Retail Traffic


By the time you read this, The Shops at Columbus Circle will be open for business. But in mid- January, workers were scurrying about the four-story atrium, known as the Great Room, to finish in time for the Feb. 5 launch. The center, with an additional three floors of restaurant and jazz entertainment space, is part of the $1.7 billion, 2.8 million-square-foot Time Warner Center across from the southwest corner of New York's Central Park.

The space has been the subject of much controversy: Is there a need for upscale stores at the West Side location? Can a mall work in New York? How much did the delay from a November opening to the February date cost retailers in holiday sales?

But as the opening drew near, developers and retailers were optimistic that the mall's design — with the Jazz at Lincoln Center facilities run by Winton Marsalis, five restaurants and a wrap-around bar with spectacular views by Cindy Crawford's husband Rande Gerber — will bring thousands through the shopping area daily, and encourage circulation inside. Retail space was 95 percent leased, with more than 40 luxury and specialty retailers signed on. Among them: Joseph Abboud, Tourneau, Hugo Boss, Thomas Pink and Bose.

“They have a lot of star power,” says Faith Hope Consolo, vice president of New York-based Garrick-Aug Worldwide, referring to the upscale shops and celebrity chefs. She predicts sales per square foot in the $800 to $1,000 range, equal to that of the designer stores across the park and a little south on Fifth Avenue. “They learned from everyone else's mistakes how to build a vertical mall,” she says of developer Related Urban Development. (Related, by the way, cringes at the term vertical mall.)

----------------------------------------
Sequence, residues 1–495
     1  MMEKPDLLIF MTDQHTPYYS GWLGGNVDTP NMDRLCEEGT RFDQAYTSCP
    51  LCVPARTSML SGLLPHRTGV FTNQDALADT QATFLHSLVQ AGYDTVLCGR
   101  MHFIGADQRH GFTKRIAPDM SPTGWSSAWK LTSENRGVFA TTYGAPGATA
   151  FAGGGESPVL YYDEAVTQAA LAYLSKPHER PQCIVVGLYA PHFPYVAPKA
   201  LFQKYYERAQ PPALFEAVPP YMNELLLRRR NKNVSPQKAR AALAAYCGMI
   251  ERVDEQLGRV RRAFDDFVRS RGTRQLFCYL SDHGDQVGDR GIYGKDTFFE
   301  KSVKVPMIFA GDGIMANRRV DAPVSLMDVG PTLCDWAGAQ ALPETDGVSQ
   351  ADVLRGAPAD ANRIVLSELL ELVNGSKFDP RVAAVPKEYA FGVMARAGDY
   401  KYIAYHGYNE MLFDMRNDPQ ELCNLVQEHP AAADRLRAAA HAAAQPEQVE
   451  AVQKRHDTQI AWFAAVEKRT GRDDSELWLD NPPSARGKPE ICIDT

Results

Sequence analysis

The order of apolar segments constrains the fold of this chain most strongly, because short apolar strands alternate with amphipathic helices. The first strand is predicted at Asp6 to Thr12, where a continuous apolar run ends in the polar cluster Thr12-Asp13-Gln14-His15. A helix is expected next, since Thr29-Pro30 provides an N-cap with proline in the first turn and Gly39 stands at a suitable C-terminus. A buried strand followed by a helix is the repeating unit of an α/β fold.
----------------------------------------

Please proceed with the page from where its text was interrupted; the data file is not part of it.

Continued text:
Enter the retail arena between the complex's two towers (which house the condo residences — one of which reportedly sold for $45 million — a 251-room Mandarin Hotel and office space) and step into the 150-feet-high Great Room. The entrance, a series of doors that are part of a 70-foot wide and four-story-high glass and stainless steel wall was designed by glass artist Jamie Carpenter. It provides a panoramic view outside to Columbus Circle and Central Park (above). The floors are marble; wooden pillars add warmth to the the steel and glass guts of the center.

Inside, giant plasma screens feature programming ranging from stores' logos or products to perhaps a New York skyline image. Samsung Electronics has run a fiber backbone through the entire development, providing TV in condos and having the ability to program content in store video displays. It's all done from a central control room. Williams-Sonoma, for example, will broadcast cooking demonstrations directly to other stores.

In the basement is a 59,000-square-foot Whole Foods Market, the largest grocery store in Manhattan. “The location is great and there are few opportunities for space this large in Manhattan,” says a Whole Foods spokeswoman. The store features specialty dining food bars and prepared and fresh baked foods in the grand tradition of Harrod's Food Halls in London.

One level down is the Equinox Health Club and Spa, a 40,0000-square-foot club that includes an Olympic-size swimming pool and personal training and spa services.


Location: Manhattan's West Side

Developers: The Related Cos., Apollo Real Estate Advisors

Architects: Elkus/Manfredi; Skidmore, Owings & Merrill

Contractor: Bovis Lend Lease

Major tenants: Borders, Whole Foods Market, Tumi, Williams-Sonoma Grande Cuisine

Size: 500,000 square feet

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